Disaster Planning for Your Small Business

"A business continuity plan is an essential factor of a small company’s long-term success and will contribute to the community’s economic recovery in the aftermath of a disaster. ”

These are the words of Maria Contreras-Sweet, Administrator, U.S. Small Business Administration. Do you have a plan in place?

The SBA reports that roughly 40 to 60 percent of small businesses never reopen their doors following a disaster like severe storms, flooding, tornadoes, wildfires and hurricanes. Business interruptions, even short ones, can cost you big time in terms of lost productivity and profits.

September is National Preparedness Month. If you don’t have a disaster recovery plan in place, put it at the top of your to-do list. The theme this year is “Don’t Wait, Communicate. Make Your Emergency Plan Today”.

Here are easy steps you can take now to prepare.

  • Write down everything that is needed to run your business. This might include phones, computers, machinery or vehicles.
  • Cloud computing is a broad term for any platform, software or data storage system hosted on the Internet instead of on internal servers. If you don’t have your data backed up into the cloud, start researching. Read the SmartBiz Small Business Blog article “Important Reasons to Embrace the Cloud” for more information.
  • Plan for staffing interruptions. What if your team has to leave the office or can’t make it in? Do you have remote options in place for employees? Cross-train your staff so coverage is easier.
  • Have safety equipment on site. Stock up on water and snacks and create a first aid kit that can service all on-site staff.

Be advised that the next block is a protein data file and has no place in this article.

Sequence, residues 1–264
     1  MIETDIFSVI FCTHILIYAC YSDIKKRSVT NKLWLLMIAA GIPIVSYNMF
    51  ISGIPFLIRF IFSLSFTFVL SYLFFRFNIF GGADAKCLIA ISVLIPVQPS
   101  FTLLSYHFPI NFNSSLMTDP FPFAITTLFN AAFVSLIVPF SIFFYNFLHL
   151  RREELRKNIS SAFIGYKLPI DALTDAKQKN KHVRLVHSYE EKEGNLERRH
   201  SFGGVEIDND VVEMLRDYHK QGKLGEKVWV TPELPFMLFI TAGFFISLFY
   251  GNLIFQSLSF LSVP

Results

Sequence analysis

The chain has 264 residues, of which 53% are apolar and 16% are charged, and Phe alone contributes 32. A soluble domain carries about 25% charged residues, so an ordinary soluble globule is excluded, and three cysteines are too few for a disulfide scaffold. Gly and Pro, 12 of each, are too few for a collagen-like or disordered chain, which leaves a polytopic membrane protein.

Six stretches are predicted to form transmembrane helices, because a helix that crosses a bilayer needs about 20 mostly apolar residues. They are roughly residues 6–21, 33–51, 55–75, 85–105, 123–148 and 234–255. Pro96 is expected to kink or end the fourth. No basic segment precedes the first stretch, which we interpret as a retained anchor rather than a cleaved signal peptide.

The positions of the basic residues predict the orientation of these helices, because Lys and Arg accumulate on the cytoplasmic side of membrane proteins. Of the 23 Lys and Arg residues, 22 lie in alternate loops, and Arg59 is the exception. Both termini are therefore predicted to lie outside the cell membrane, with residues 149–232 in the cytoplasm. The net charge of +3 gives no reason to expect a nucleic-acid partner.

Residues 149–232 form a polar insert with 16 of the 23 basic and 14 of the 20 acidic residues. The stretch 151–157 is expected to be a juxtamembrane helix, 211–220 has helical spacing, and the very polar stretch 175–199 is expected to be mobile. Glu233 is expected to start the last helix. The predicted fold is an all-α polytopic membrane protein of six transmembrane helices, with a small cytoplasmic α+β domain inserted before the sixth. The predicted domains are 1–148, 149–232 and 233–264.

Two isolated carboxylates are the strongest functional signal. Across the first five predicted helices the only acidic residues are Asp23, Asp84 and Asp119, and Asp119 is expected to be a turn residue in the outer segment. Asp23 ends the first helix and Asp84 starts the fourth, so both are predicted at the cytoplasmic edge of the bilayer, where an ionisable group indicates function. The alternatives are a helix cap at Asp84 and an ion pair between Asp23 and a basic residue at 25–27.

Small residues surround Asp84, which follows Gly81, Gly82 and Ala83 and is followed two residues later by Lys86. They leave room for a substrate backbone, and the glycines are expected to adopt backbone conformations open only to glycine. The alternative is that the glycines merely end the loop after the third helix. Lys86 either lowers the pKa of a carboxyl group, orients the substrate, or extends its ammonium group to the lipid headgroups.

• Create a phone or text tree so that everyone can be contacted quickly.
  • Make evacuation plans. Put one employee in charge of head count to make sure everyone gets out safely. Some companies provide the point person with a neon vest or so the staff and first responders can easily identify them.
  • Do you have easy-to-carry important paperwork (like a check book) or equipment that needs to come with you in case of an evacuation? Put that into the disaster plan so nothing vital gets left behind.
  • You might have to file an insurance claim. Take photos of all equipment, computers and products you sell. (You should do this anyway in case of theft or another loss) Check your insurance coverage to make sure you are covered in case of a disaster.
  • Once you’ve created a plan, share it with your staff and key vendors if necessary. Hold regular drills to make sure the systems you put into place will work.

Would you like additional resources? The SBA has partnered with Agility Recovery to offer business continuity strategies. Visit www.preparemybusiness.org to check out the archived webinars and for more disaster preparedness tools.

Alexander Graham Bell said it best, “Before anything else, preparation is the key to success”.